Consumerism Destroys Calling: Reflections on Student Ministry from “Consuming Youth”

*The following comes from someone I admire quite a bit, Rick Bartlett.  He’s served in ministry to both adults and youth in the UK and US.  I commend his book about youth ministry and consumerism to you!

I’m a pastor.

I haven’t always embraced this title, but I’m doing so now.

How did I become a pastor? It has a lot to do with Bob Clayton and Carman Ruggeri. Bob was the Senior pastor and Carman was the youth pastor at Mountain Christian Center in Oakhurst — the church where I grew up. Bob and Carman literally called me into ministry. I’m sure God was also involved, but as I look back to those adolescent days, I remember these men speaking words of affirmation and encouragement to me as the catalyst for why I’m in ministry today.

Click image! As of this posting, the book is on sale for only $6

Calling young people into ministry is why I’m excited to have been a part of the writing of Consuming Youth. The message of the book is my story. I do what I do because of people like Bob and Carman. In the same way this book challenges adults to take the same interest and oversight of teenagers today. Consuming Youth offers an alternative reality, a different story to inhabit; one that calls youth and adults to consider their identity as vocation and calling first.

One reader of Consuming Youth summarized it in this way, “Culture tells youth to find identity through consuming; the Church should tell youth to find identity through their calling.”

Unfortunately, as we know, this isn’t often the case. Culture defines youth as:

  • Consumers — value comes through what is owned or possessed.
  • Self-absorbed — the message that teenagers only care about themselves to the exclusion of others
  • Rebellious — that they are walking bundles of out of control hormones at war with adults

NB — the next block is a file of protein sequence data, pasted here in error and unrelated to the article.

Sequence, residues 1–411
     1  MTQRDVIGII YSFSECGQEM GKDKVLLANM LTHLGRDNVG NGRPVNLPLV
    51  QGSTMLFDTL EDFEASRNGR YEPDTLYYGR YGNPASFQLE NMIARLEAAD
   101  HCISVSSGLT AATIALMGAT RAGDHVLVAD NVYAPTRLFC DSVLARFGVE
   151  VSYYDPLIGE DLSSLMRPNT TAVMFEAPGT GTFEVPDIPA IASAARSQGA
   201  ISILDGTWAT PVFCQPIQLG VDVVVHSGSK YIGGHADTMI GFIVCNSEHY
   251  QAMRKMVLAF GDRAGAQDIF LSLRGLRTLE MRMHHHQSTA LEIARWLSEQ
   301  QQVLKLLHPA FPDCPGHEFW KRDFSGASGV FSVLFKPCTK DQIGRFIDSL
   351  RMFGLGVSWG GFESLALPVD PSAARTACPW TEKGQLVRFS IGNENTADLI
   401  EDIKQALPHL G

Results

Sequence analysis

• Only peer -oriented — no room or desire for adult interaction

Consuming Youth offers a different narrative. One that challenges youth and youth leaders to create communities that represent:

  • Called — with a unique purpose
  • Others oriented — youth can come alive through service
  • Resourced — that there are caring adults available to walk alongside these teenagers.
  • Community — part of a larger story.

The feedback we’ve received since the December 2010 release has been very interesting. This book is striking a cord with a wide variety of people in a wide variety of life stages. Older adults are rediscovering the power of vocation and are finding themselves reenergized to spend the rest of their lives pursuing God’s vocation for their lives. Youth leaders are investing themselves in ministry that takes seriously the need for a different narrative to live by, one that moves us beyond the dominant message.

One of my favorite stories from the book is about a youth pastor friend of mine who was responding to a program I was involved in that sought to implement the values spelled out in the book. When the high school students returned to his youth group, he told me they were “ruined for normal.” They were no longer able to fully participate in North American  teenage consumer culture because they had been touched and transformed by the power of vocation and call.

I thought of Pastors Bob and Carman as I listened to my youth pastor friend, and all I could do was smile.

Pastor Rick Bartlett

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  • http://www.hobotheology.com/ Hobo Derek

    Looks like an interesting book. I particularly like the peer-only perspective transformed to the part-of-a-larger-story perspective. That seems like a major shift needed in current youth ministry.

  • Shelly

    Looks like a good book- I might have to get that one now that I am teaching our youth’s sunday Bible study!!! Thanks Cuz

    • http://patheos.com/blogs/thepangeablog/ Kurt Willems

      @d40e1d187e220ec7e6c0f07f620d4c9c:disqus … Sounds great!  PS – Your cuz misses you and the gang!!!!


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